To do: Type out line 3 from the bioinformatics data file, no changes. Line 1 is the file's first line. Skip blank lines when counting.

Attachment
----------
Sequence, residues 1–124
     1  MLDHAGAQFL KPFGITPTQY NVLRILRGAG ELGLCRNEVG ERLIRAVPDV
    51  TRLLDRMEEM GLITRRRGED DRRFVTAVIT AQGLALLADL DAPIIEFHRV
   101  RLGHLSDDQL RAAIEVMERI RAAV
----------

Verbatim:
    51  TRLLDRMEEM GLITRRRGED DRRFVTAVIT AQGLALLADL DAPIIEFHRV